Working with a data set of more than 38 million produces more than a few insights, insights important to the larger global health community. But two researchers from the Johns Hopkins Center for Communication Programs caution those using large data sets not to assume that the size of the data set is all that matters.
CCP’s Marla Shaivitz, director of digital strategy, and Tuo-Yen Tseng, PhD, an assistant scientist at the Johns Hopkins Bloomberg School of Public Health, presented their findings, “Lessons Learned About Big Data, Transparency and Advocacy from a Global Survey on Behavior,” at the 2022 International Social and Behavior Change Communication Summit in Marrakech, Morocco.
They discussed how they interpreted data about COVID-19 knowledge, attitudes and practices gleaned from the enormous COVID-19 Trends and Impact Survey (CTIS) to populate the COVID Behaviors Dashboard.
The dashboard was designed to give policymakers and public health practitioners answers to important questions such as who was getting vaccinated in their countries, whether the population believed COVID was a real risk and whether people were regularly wearing masks. The survey was conducted over Facebook from May 2021 to June 2022. It was the largest survey of its kind and provided policymakers in many countries crucial data they would have otherwise gone without.
The researchers discussed the decision-making process behind how they chose to present their data and how the team dealt with issues related to bias. They spoke about the phenomenon called, “The Big Data Paradox” and how it related to the dataset.
“The is the belief that larger datasets provide more accurate estimates because of their size,” Shaivitz said. But, she cautioned, that’s not always the case.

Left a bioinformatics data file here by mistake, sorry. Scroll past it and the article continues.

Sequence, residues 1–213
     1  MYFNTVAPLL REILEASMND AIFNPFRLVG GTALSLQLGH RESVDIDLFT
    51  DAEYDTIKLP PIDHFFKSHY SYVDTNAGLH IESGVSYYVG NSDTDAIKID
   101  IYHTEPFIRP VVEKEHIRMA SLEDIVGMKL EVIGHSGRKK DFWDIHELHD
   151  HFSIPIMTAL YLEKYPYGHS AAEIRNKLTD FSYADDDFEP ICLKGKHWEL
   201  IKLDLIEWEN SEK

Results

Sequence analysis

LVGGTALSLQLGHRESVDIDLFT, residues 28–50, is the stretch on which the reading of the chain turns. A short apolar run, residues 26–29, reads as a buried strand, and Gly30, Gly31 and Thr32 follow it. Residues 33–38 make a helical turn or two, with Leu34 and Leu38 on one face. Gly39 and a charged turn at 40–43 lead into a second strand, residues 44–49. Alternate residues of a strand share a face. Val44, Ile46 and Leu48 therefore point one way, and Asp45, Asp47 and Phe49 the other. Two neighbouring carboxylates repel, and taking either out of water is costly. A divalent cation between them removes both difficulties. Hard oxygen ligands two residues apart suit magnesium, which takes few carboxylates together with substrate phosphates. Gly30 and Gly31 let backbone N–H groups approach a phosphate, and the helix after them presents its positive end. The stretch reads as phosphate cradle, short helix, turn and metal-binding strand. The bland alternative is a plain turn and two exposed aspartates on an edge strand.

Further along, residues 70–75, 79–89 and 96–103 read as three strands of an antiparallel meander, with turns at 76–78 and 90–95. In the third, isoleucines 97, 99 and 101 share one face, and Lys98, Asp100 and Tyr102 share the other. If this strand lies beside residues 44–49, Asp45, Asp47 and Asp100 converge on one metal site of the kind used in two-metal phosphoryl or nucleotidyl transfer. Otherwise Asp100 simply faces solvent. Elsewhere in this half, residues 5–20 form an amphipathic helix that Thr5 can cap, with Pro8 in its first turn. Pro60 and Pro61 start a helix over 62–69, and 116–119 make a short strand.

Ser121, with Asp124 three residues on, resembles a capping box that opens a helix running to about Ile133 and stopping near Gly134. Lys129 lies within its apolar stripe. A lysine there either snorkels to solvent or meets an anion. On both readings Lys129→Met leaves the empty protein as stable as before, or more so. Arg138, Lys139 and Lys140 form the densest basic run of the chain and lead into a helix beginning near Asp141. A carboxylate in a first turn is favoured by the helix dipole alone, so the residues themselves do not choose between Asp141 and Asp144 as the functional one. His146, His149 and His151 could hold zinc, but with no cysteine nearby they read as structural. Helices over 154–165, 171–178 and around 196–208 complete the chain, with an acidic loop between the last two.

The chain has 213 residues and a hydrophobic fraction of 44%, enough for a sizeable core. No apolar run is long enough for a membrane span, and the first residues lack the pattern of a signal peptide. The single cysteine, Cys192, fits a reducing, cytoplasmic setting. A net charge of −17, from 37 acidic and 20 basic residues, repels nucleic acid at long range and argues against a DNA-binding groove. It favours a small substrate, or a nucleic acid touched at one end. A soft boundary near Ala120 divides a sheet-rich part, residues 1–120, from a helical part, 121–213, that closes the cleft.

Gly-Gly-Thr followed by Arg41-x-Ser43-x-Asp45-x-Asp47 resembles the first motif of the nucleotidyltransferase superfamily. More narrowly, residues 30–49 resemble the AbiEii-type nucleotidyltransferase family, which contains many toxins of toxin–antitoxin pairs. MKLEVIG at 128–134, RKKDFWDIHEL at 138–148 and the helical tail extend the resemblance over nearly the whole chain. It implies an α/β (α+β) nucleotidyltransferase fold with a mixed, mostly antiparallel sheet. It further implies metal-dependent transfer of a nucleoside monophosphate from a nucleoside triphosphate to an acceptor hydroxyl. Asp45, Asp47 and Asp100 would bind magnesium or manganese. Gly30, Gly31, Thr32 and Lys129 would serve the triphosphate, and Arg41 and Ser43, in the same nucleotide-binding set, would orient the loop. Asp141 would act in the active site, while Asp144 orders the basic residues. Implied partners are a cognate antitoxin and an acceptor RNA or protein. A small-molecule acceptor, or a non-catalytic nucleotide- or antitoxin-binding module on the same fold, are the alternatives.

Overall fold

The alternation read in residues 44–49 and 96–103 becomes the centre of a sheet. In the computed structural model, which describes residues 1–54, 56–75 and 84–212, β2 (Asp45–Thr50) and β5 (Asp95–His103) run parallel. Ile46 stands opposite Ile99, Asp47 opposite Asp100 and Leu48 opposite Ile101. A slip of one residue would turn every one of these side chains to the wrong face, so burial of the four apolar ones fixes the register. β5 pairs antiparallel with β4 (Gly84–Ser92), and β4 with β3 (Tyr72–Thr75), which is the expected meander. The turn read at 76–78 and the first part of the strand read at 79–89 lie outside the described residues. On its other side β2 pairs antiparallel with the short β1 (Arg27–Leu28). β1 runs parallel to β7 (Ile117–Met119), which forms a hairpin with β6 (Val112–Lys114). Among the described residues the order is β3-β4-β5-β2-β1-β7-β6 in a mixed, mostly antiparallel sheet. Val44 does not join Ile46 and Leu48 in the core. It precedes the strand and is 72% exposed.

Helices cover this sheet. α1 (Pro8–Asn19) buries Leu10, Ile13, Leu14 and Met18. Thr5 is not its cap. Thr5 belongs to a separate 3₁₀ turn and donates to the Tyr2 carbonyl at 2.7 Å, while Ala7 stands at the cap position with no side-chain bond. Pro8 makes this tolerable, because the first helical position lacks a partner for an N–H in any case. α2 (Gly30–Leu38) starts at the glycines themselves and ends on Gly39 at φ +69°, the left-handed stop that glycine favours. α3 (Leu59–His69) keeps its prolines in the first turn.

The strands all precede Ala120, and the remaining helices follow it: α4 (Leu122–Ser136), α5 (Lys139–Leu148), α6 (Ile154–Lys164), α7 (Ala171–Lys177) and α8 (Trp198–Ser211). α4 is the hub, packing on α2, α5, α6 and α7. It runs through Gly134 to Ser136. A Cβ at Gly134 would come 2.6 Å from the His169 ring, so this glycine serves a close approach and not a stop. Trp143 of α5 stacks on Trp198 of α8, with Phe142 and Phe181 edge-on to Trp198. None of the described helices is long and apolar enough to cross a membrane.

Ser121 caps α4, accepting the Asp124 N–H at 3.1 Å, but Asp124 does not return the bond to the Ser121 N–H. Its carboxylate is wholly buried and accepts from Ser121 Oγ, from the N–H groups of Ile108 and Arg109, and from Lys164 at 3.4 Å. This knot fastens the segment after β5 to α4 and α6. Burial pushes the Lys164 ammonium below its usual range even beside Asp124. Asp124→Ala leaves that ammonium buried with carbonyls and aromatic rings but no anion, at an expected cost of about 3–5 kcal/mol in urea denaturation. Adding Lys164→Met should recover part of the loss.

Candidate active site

In the case of the CTIS, Tseng says, much of the data provided periodic snapshots of COVID behaviors that corresponded to reports on the ground. It soon became clear, however, there were data gaps within demographic groups and in many subnational regions. In many countries, responses were majority male, more urban and better educated than the general population, and the poor were mostly ignored because they didn’t have digital access to take the survey.
Tseng emphasized the need for future studies to promote equitable and inclusive representation with data. “It’s important because our data inform policy and practices and we need to think about who we are serving,” she said. “This means that we need to be strategic and tailor recruitment approaches and consider ways to reach hard-to-reach communities.”
While working with the data, inequalities in data became clear, particularly in the areas of gender, age and geographic location (urban vs. rural), as well as representation from low- and middle-income countries. Shaivitz illustrated the point by showing data from Mozambique in June 2022, the last data period visualized on the COVID Behaviors Dashboard.
She noted it’s important to be transparent on what the data do and do not reveal. It was intentional, she said, to include the phrase “insufficient data” when the response rate was under 100 people. For example, in June, Mozambique’s sample for women wasn’t large enough to display on the dashboard, nor was data from the less educated segments of the population.
It is important to ensure transparency in data use and interpretation, Shaivitz said. There needs to be clear communications around the quality and limitation of the data, as well as how to best use it.
In the case of CTIS, it is important to recognize the biases that exist in an online population and understand that surveys recruited through social media are not well-suited for estimating percentages and values among the general population. But they are powerful tools with high efficiency and cost-effectiveness, and are great for surveillance to track changes over time and make comparisons across spaces or groups.
Working with a large sample size doesn’t automatically make it representative. Tseng noted, “We should not be blindly pursuing big sample sizes. However, it doesn’t mean that we should trash data that are imperfect; everything has its limitation. And there’s no single data set that can answer all questions.”